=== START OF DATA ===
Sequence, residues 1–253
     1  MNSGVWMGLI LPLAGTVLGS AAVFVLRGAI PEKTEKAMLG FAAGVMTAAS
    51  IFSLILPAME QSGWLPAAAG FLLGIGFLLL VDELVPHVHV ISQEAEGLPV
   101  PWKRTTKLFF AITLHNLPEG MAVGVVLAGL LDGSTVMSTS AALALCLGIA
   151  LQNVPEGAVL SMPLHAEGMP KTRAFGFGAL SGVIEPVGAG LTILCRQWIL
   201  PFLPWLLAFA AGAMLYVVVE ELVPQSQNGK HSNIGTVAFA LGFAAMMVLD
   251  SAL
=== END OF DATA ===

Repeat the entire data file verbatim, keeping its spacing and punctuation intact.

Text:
Sequence, residues 1–253
     1  MNSGVWMGLI LPLAGTVLGS AAVFVLRGAI PEKTEKAMLG FAAGVMTAAS
    51  IFSLILPAME QSGWLPAAAG FLLGIGFLLL VDELVPHVHV ISQEAEGLPV
   101  PWKRTTKLFF AITLHNLPEG MAVGVVLAGL LDGSTVMSTS AALALCLGIA
   151  LQNVPEGAVL SMPLHAEGMP KTRAFGFGAL SGVIEPVGAG LTILCRQWIL
   201  PFLPWLLAFA AGAMLYVVVE ELVPQSQNGK HSNIGTVAFA LGFAAMMVLD
   251  SAL